NEWS UPDATE: SCARY!! See what was found under church floor

NORFOLK, Virginia — No one knows how many skeletons are under St. Mary’s in Norfolk, or why the 162-year-old Catholic church was built right on top of a cemetery.

But when David Givens, Jamestown’s head archaeologist, recently rolled a ground penetrating radar over the sanctuary’s concrete floor, he detected void after void.

Graves, he said, “are everywhere under here.”

Church legend has long whispered of such things.

Confirmation came last fall when contractors removed part of the floor to install sewer lines for new bathrooms and found the faint borders of a brick crypt.

Then a skull — or at least part of one — turned up in a utility hole cut near the altar.

Renovations screeched to a halt.

Now, the congregation of the Basilica of St. Mary of the Immaculate Conception just wants to know who’s under there.

The church, one of the oldest among its faith in the commonwealth, has always been unusual — a vaulted, stained-glass, Gothic-inspired work of architecture listed on state and national historic registries.

It’s one of just two Catholic churches in the state designated by the pope as a “minor basilica” — a place of special pilgrimage — and the only one in the country with a predominately African American flock.

A holy place. Consecrated. Steeped in spirit and soul.

Above ground.

And apparently below.

What happened all those years ago at St. Mary’s would be highly illegal today. A felony.

Even more of a mindboggler: The dead under the floor are assumed to be the church’s very own — worshippers from earlier congregations, the kind of ancestors whose remains tend to get more respect.

Their stories start 20 years after the end of the American Revolution, when a small, wooden chapel was built around 1802 on the parcel, a few low-lying acres now brushed by the City Hall exit ramp of I-264.

The chapel — the first formal home for the Catholic faith in the area — served a largely immigrant community: Irish, French, Spanish, escaping tough times, oppression or revolutions in their own countries. Old maps point to a burial ground in a quadrant of the plot.

The chapel evolved into bigger and better buildings until its footprint was occupied by a substantial structure called St. Patrick’s. It was heavily damaged in a fire in 1856 — a suspected arson, punishment for holding interracial services.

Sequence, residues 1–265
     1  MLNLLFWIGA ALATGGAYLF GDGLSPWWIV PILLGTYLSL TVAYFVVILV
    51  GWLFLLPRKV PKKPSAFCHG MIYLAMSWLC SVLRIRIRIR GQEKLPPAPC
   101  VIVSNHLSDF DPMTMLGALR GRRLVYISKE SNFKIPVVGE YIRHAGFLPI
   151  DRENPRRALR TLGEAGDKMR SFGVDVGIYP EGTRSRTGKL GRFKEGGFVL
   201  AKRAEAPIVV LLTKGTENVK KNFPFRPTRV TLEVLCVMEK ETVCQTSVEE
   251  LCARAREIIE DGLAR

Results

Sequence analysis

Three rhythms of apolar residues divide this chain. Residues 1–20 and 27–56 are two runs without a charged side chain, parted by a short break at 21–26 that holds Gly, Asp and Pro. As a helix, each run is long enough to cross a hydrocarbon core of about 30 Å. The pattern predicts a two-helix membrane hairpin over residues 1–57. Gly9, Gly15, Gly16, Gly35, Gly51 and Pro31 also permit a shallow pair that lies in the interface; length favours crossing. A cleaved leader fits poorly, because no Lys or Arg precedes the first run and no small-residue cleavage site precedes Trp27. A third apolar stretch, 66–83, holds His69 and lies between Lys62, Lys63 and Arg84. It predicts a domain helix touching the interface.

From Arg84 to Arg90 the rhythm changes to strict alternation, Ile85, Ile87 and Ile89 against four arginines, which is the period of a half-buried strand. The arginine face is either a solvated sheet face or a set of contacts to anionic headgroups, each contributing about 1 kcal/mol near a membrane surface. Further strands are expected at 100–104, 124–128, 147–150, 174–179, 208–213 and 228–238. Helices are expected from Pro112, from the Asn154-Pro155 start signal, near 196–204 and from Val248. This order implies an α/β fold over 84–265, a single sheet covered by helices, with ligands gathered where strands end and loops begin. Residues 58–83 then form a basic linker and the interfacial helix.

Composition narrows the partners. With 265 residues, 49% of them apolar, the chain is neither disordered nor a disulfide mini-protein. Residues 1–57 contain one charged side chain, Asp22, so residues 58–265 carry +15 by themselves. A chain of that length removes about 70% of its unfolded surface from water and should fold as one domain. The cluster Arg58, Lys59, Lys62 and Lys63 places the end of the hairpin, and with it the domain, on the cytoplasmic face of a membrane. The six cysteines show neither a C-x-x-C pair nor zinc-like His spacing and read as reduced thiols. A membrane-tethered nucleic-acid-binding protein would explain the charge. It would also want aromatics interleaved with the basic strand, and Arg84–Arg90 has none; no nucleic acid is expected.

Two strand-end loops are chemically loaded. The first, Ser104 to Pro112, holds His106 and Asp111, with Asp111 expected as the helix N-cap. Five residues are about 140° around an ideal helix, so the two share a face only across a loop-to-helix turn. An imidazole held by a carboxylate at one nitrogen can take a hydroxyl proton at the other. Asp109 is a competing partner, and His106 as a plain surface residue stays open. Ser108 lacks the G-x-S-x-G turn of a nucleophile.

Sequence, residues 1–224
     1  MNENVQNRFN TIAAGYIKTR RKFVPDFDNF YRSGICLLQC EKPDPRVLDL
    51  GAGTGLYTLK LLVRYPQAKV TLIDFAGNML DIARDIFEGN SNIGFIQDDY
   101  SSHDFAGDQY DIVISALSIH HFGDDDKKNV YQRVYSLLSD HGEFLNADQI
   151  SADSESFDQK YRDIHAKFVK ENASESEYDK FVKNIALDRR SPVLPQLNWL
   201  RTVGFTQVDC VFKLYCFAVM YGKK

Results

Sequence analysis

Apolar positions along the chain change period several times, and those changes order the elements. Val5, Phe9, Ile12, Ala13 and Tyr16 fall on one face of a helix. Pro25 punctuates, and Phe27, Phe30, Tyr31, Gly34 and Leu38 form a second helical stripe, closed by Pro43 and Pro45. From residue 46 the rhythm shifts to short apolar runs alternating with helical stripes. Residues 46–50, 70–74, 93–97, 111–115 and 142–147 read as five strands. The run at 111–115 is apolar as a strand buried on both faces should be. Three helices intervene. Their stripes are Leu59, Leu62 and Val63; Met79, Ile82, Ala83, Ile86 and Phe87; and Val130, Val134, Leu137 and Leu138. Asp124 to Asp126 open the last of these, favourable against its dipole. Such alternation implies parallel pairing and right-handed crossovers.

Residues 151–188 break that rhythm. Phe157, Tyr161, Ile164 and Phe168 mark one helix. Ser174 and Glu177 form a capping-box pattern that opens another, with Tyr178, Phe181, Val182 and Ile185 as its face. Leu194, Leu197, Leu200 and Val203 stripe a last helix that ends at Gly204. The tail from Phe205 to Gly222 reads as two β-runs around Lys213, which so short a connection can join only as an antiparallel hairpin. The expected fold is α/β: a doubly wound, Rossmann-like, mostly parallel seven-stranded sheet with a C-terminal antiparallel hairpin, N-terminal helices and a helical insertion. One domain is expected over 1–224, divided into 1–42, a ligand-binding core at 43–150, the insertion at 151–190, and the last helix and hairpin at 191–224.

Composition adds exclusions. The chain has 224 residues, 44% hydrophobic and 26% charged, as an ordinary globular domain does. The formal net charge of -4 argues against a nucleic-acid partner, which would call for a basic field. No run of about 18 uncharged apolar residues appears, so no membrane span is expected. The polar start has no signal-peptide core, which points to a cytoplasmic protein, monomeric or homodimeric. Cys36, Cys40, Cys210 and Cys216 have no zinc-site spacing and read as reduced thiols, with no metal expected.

By 1858, the parish had renamed itself St. Mary’s, transformed the ruins of St. Patrick’s into a parish hall and built a new house of worship — larger, grander than ever and on a different section of the land, the piece that held its own cemetery.

But while some historic churches, like Williamsburg’s Bruton Parish, do have members interred under their floors, such graves are preserved as places of honor and marked with chiseled slabs.

At St. Mary’s, headstones were removed and the final resting spots of relatives and friends erased — cleaved by foundation or drainage work, entombed and forgotten beneath a soaring sanctuary and gleaming spire.

Why was that considered OK?

Church records from the era are sparse or missing entirely, making “it hard to get inside their heads,” said Father Jim Curran, who leads the current congregation.

Certainly, life in general was harder and shorter back then. And in Norfolk and Portsmouth alone, the 1855 yellow fever epidemic had just claimed 3,000 souls.

“There were so many burials, so much death,” Curran said. “They were not as distant from it as we are. They lived with it every day.”

Maybe cemeteries weren’t viewed in such an untouchable light.

“I just don’t think death had the same ominous feel,” Curran said.

Now though, the discovery of St. Mary’s underworld was enough to hit the brakes on a $6.5 million, multiyear renovation.

The restoration and repair project, which mushroomed from a leaky roof, was already behind schedule and quite complicated, calling for experts in historical architecture to meet standards, accessing tax credits to help cover the cost.

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